Images represented by filled cells in an array
Cells in a matrix inside a machine’s memory function as if they were arranged in a visual array. Images correspond to filled cells within such an array. Array-based sensory patterns are interpreted by higher-level systems.


  • This argument is sometimes referred to as the "Cathode Ray Tube", or "CRT" metaphor.
  • Arrays are also called matrices or surface matrices.

History of the Image Debate

For most of the 20th century, imagery research enjoyed little favour, due to the dominance of behaviour psychology. John Watson (1913) led the behaviourists in rejecting imagery research, because it involves nonobservable, introspective evidence.

During the 1960s, through the efforts of Allan Paivio and others, image research was revitalised. Images were given a role in explanations of learning memory, perception, and other psychological processes.

In the early 1970s, a new cognitivist critique of imagery was launched by the advocates of cognitive psychology, notably Zenon Pylyshyn. The critique emphasised the importance of symbolic structures, or propositions, in the explanations of image effects. A psychological debate ensued that is still active.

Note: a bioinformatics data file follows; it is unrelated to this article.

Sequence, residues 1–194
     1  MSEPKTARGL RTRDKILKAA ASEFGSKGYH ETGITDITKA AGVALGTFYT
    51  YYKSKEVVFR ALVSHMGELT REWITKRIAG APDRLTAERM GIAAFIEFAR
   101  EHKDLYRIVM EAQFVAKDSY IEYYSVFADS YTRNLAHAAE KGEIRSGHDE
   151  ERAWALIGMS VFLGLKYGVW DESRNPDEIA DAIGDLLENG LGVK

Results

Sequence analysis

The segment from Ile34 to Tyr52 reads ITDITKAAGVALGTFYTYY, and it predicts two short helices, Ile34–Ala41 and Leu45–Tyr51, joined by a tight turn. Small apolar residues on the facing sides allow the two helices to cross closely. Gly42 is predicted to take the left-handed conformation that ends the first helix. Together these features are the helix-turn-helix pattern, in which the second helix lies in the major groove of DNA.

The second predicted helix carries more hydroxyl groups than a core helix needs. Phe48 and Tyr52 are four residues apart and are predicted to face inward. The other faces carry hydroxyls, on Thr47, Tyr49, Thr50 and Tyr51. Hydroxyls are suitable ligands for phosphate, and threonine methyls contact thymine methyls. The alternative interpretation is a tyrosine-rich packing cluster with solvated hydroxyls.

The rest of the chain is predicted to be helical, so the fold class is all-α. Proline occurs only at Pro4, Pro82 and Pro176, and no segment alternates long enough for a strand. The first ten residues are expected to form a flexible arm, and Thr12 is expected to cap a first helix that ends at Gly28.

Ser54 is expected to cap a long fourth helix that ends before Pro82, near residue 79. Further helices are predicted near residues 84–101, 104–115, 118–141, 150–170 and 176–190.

The current imagery debate is primarily a debate in psychology about the nature of mental images, how they are processed, and how they are implemented in the brain. Some of the debate is represented on this map in "Is image psychology a valid approach to mental processing?" arguments.

For further discussion of the history of imagery in psychology see Alan Paivio (1971, pp.2-8) and Stephen Kosslyn (1994, pp.1-4).

Artificial Intelligence »Artificial Intelligence
Can computers think? [1] »Can computers think? [1]
No: computers can't understand images [5b] »No: computers can't understand images [5b]
Images represented by filled cells in an array
Images are Quasi-pictorial representations »Images are Quasi-pictorial representations
Images are interpreted symbol-filled arrays »Images are interpreted symbol-filled arrays
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